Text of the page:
Dexmedetomidine has been used as a sedative for a series of fibre-optic intubations in patients with difficult airways.[6] It has been ishown that the IV dexmedetomidine caused respiratory complications such as irregular ventilation and apnoea episodes with large and rapid initial loading doses (1–2 μg/kg over 2 min).[8] To avoid these untoward complications with high doses of dexmedetomidine, we performed airway blocks along with low doses of dexmedetomidine. The importance of local anaesthetic has been reported for fibre-optic intubation to improve the visualisation of vocal cords.[16] Different methods of local anaesthesia for fibre-optic bronchoscopy has been studied and transtracheal block was found to produce better local anaesthesia of the airway passage.[17]

Our study was carried out to compare two different doses of dexmedetomidine along with airway blocks for awake orotracheal fibre-optic intubation and haemodynamic stability under conscious sedation in patients of cervical spine surgery. The patients were randomly allocated to two groups. Group L received 0.5 μg/kg over 10 min and Group H received 1 μg/kg over 10 min followed by airway blocks. Haemodynamic stability was achieved in most of the patients in both the groups. Haemodynamic stress response was attenuated during the procedure in both the groups, and no intervention (like administration of atropine or abandonment of the procedure) was required. SpO2 was maintained throughout the procedure. Our study was also supported by a previous study, which determined that intraoperative dexmedetomidine infusion (initial loading dose of 1 μg/kg over 10 minutes followed by continuous infusion of 0.5 μg/kg/h) was effective for blunting the haemodynamic stress response and did not increase the incidence of bradycardia or hypotension.[18] Another study used dexmedetomidine for awake fibre-optic bronchoscopy and did not find bradycardia, which can be explained by the use of glycopyrrolate prior to starting dexmedetomidine infusion, as done in our study also.[19]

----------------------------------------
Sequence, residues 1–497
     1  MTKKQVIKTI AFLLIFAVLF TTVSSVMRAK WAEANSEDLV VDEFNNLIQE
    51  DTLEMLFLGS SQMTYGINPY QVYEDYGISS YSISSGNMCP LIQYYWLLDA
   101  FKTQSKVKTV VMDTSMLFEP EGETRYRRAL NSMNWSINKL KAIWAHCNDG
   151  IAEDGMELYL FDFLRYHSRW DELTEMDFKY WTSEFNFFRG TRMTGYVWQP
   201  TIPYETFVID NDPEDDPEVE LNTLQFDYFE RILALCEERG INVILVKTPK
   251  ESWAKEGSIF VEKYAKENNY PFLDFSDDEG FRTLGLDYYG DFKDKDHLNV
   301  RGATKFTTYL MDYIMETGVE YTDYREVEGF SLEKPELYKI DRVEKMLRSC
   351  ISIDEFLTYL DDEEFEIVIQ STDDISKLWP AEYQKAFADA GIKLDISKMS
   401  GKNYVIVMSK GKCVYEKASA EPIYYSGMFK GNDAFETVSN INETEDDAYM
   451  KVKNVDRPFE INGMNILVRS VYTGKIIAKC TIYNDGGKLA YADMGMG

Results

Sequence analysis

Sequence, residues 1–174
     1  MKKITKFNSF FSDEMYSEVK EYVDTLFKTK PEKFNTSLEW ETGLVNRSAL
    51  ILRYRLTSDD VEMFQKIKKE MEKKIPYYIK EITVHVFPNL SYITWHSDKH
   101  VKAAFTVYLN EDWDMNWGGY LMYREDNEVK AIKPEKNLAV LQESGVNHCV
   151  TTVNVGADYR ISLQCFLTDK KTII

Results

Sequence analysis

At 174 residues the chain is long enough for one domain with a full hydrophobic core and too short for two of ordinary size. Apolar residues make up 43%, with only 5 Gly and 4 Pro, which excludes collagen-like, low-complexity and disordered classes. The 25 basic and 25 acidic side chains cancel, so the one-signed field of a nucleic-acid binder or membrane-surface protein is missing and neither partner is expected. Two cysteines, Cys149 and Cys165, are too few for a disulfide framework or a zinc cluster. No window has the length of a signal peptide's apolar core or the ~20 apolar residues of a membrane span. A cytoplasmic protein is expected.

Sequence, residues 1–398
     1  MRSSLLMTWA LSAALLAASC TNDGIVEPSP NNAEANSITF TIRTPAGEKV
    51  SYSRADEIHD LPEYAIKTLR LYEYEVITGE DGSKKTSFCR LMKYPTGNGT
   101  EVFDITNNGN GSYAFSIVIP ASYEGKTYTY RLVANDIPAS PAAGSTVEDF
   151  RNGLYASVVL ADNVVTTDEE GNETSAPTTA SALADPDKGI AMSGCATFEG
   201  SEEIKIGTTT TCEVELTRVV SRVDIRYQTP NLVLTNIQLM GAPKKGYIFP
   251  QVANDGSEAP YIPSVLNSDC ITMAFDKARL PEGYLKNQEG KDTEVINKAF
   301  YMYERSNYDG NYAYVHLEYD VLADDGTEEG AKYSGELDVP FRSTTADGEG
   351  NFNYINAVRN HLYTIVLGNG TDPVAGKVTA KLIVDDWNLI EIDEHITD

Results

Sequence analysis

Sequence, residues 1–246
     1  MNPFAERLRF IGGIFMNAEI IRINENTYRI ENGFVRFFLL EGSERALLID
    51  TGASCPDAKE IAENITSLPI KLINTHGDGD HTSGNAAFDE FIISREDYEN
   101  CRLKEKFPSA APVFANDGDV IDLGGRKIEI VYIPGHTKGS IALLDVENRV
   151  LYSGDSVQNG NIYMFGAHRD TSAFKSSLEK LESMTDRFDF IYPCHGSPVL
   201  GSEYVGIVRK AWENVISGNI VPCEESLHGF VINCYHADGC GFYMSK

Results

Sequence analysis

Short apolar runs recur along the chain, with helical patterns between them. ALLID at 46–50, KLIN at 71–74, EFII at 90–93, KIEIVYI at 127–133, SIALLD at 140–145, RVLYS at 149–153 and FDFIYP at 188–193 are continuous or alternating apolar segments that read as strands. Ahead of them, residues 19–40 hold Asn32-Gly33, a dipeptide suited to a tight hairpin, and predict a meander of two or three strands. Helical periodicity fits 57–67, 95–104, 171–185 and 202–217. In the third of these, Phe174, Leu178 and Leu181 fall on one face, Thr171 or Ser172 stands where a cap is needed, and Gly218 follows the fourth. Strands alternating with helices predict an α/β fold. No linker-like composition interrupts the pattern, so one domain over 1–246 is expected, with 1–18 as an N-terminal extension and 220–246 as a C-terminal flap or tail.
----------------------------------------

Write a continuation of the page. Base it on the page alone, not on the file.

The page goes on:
Level of sedation was assessed using the OAA/S score during the three stages of intubation procedure. Significantly lower scores were obtained in Group H as compared to Group L in Stage II and Stage III, indicating a higher level of sedation with high dose of dexmedetomidine.

In another study, two doses of dexmedetomidine for AFOI were used i.e., 1.5 μg/kg and 1 μg/kg, and the group receiving the higher dose of dexmedetomidine (Group H) was found to have more favourable OAA/S score than the group receiving the lower dose (Group L).[9] Similarly, in our study also, the higher dose group (the dose 1 mcg/kg was used, which was used as the lower dose group in previous mentioned study) had more favourable OAA/S score than that of lower dose group, but the lower dose group (0.5 mcg/kg) also had a satisfactory sedation score. This might be explained by simultaneous use of airway blocks with dexmedetomidine in our study.

Intubation scores in terms of the vocal cord, cough and limb movement were better in Group H; however, the differences were not statistically significant as indicated by P > 0.05 [Table 3]. A better intubation score in Group H may be attributed to its additional analgesic and antisialogogic properties because of relatively higher dose. Similar findings were reported by another study in which two different doses of dexmedetomidine (0.5 μg/kg and 1 μg/kg) were studied on controlling haemodynamic responses to tracheal intubation.[20]

Even though the higher dose of dexmedetomidine provided better endoscopy and intubation conditions (measured by endoscopy and intubation time and number of intubation attempts), there was no statistically significant difference between the two groups in terms of time taken for the procedures (P = 0.5818 and 0.7259, respectively) [Table 3]. This may be due to the use of glycopyrrolate premedication to improve the visualisation by reducing oropharyngeal secretions and the effect of local anaesthesia of the airway in minimising cough and localisation. Glycopyrrolate has also been used as an antisialogogic in previous study before the bronchoscopy.[19]

Although higher dose of dexmedetomidine provided superior endoscopy and intubation conditions, the difference in the satisfaction score between the two groups was not statistically significant (P = 0.0932), similar to astudy done before.[9] The recall of airway block (20%) and endoscopy with intubation (13.33%) in Group L were higher as compared to Group H (13.33% and 10.0%, respectively) but they were statistically insignificant. The incidence of sore throat (93.33% and 96.67% in Group L and Group H, respectively) and hoarseness (16.67% of patients in Group L and 10.0% in Group H) did not differ significantly between the groups.

As our study was carried out in smaller population and patients of cervical spine surgeries exclusively, further larger clinical trials are required to enlighten its role.

CONCLUSION